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Tuesday, January 30, 2007
WHITE LED VINTAGE BICYCLE HEADLIGHT HOW-TO
Last summer I recycled a Sylvania LED light puck and a vintage headlight for my cruiser by taken it apart and jamming it in there. It works great and battery life is truly not an issue. I didn't document it because I figured that the puck at $10 was too expensive and the job was just too complicated. That's apart from the fact that it was a real crappy job and by some miracle it is still working to this day.
Then I came across those white LED keychains for $1. Now that's very affordable and they work off of 2 small 3V batteries cells. Now I'm no electrical engineer and what I'm about to present may not be a good set up, proof of the matter is I almost set this thing on fire while building it! So if any of you have additionnal info regarding resistors and such, please feel free to illuminate our lantern and post a comment about it. The pun was totally intended. :)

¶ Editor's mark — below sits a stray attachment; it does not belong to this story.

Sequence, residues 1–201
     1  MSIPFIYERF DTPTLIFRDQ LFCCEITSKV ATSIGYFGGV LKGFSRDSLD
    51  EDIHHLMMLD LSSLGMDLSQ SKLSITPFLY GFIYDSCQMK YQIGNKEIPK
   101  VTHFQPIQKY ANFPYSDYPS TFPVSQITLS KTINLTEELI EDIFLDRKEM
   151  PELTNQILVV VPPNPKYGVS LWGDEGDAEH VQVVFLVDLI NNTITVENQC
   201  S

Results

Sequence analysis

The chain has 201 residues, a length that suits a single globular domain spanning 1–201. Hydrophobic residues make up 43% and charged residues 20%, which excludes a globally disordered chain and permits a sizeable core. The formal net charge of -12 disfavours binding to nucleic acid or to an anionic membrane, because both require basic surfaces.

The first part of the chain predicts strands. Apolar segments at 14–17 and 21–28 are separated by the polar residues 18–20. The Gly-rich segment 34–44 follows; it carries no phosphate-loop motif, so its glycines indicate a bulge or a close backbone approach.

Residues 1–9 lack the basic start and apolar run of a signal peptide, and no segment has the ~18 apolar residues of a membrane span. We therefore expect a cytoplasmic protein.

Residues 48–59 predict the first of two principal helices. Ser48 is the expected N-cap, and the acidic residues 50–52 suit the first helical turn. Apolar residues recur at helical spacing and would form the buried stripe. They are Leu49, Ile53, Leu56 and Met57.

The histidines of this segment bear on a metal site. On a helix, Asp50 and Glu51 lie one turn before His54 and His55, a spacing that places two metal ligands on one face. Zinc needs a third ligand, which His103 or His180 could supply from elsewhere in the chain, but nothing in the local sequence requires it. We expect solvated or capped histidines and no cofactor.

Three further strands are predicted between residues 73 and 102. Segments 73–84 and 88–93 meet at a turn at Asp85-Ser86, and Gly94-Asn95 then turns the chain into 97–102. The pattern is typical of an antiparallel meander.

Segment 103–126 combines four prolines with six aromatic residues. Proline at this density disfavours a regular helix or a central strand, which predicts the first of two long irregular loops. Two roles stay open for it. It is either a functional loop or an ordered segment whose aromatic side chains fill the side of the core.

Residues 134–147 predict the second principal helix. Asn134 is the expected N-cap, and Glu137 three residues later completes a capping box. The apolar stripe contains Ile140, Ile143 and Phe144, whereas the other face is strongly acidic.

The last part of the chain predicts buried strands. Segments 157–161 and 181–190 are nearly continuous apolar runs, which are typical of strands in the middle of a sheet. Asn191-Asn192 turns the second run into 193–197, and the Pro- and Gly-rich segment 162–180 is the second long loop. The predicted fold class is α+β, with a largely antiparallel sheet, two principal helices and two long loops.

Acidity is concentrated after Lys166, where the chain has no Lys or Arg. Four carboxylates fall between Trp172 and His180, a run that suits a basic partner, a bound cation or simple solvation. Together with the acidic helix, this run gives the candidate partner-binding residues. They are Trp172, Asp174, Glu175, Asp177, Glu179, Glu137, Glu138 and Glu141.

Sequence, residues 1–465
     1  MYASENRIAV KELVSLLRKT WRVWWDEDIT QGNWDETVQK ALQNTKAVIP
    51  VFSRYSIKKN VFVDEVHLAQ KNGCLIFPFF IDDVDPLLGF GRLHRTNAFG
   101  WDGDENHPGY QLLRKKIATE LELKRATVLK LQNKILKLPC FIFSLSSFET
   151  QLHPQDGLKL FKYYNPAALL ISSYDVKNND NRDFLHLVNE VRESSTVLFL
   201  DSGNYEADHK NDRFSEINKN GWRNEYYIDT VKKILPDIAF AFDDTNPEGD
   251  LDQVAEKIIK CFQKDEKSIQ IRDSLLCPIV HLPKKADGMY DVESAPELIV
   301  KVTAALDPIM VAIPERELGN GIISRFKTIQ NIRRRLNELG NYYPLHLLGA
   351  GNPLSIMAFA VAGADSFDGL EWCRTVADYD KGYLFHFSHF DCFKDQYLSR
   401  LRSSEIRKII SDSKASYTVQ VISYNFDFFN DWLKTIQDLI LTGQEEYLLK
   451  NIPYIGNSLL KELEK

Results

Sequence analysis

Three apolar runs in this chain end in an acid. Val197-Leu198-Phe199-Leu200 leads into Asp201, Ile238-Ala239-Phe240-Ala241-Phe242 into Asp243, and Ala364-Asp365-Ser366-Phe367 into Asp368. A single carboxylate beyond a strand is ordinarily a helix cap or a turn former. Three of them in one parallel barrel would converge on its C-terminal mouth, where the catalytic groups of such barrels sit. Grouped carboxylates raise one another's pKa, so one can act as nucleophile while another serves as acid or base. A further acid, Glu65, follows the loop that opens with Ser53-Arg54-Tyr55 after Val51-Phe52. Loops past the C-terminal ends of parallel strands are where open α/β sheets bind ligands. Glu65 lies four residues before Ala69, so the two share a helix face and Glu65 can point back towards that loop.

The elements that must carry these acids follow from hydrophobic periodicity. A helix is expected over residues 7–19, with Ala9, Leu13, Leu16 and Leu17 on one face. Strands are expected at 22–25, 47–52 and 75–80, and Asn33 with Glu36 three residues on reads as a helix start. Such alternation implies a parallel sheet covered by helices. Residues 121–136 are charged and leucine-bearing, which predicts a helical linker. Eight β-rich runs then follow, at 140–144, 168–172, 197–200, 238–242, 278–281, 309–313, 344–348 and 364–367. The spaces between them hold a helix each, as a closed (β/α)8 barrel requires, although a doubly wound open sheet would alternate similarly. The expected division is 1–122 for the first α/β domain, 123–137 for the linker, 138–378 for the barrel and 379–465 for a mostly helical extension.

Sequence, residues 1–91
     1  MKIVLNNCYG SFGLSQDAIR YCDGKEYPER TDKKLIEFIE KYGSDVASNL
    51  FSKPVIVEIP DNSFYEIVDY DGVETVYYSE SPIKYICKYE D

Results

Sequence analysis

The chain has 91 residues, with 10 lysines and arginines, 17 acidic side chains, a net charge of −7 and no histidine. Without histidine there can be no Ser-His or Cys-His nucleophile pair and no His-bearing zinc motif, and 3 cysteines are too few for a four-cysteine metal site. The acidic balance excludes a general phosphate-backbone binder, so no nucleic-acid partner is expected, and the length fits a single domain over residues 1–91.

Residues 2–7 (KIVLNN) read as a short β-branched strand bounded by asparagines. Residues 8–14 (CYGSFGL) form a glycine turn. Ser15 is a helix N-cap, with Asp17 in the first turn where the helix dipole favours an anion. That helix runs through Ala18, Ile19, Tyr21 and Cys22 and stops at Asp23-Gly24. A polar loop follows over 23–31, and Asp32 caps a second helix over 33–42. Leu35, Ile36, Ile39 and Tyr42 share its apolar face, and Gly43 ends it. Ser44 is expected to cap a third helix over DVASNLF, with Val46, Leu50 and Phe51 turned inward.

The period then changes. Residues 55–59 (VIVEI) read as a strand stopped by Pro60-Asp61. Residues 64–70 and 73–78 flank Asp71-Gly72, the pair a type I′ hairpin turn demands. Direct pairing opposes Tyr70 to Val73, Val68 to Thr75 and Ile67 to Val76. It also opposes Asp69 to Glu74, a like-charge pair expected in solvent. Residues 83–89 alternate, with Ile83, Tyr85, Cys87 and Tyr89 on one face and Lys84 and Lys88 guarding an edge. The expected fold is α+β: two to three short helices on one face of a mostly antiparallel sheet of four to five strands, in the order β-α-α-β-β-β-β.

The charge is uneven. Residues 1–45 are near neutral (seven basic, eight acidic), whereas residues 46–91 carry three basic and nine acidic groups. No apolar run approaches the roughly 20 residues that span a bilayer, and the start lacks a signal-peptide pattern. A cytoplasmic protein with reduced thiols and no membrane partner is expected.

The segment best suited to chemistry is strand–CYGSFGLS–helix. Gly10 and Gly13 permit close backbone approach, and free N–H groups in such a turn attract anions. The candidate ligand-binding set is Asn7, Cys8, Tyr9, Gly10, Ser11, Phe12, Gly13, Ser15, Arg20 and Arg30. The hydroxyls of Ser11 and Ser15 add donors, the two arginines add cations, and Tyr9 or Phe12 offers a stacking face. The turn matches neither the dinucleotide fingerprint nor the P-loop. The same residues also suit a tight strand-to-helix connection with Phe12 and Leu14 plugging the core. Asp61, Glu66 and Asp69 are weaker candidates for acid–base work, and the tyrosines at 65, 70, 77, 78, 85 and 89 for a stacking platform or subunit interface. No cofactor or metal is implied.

So here's how I did it. First, take that keychain light apart and retain the white LED. everything else you can toss away. You can keep those 3V cells for another project.
Second, get yourself a 4 AAA battery holder to get the 6 volts required to run that LED, a small switch and some wires. Don't forget the 4 AAA batteries. Wire it all up and make sure it works.
Third, take the bulbs and side connector of the headlight out. The switch screws right into the empty hole left by the connector on the headlight, no need to drill. Lose whatever wiring is left in there. Keep the brass clamps to hold your battery pack in place later.
Fourth, you'll need to plug the upper bulb hole with something shiny like chromed tape so you don't lose any reflective surface. Make a plug out of cardboard or anything else that will press fit the LED in it and the plug into the main bulb hole. If you need to use glue here, do not use superglue, it will fog up your lens and LED for ever. Use white glue, it has a strong bond when dry and it becomes clear when dry. Test everything again, close it up and install on your bike.
Those batteries should last a very long time. Now all you need is an LED red flashing light in the back and you can go night cruising without worrying about losing power to those vital lights. Remember, your main obejective is to be seen. Those white LED's do not go unnoticed, trust me.
Till next time, ride safe and Godspeed.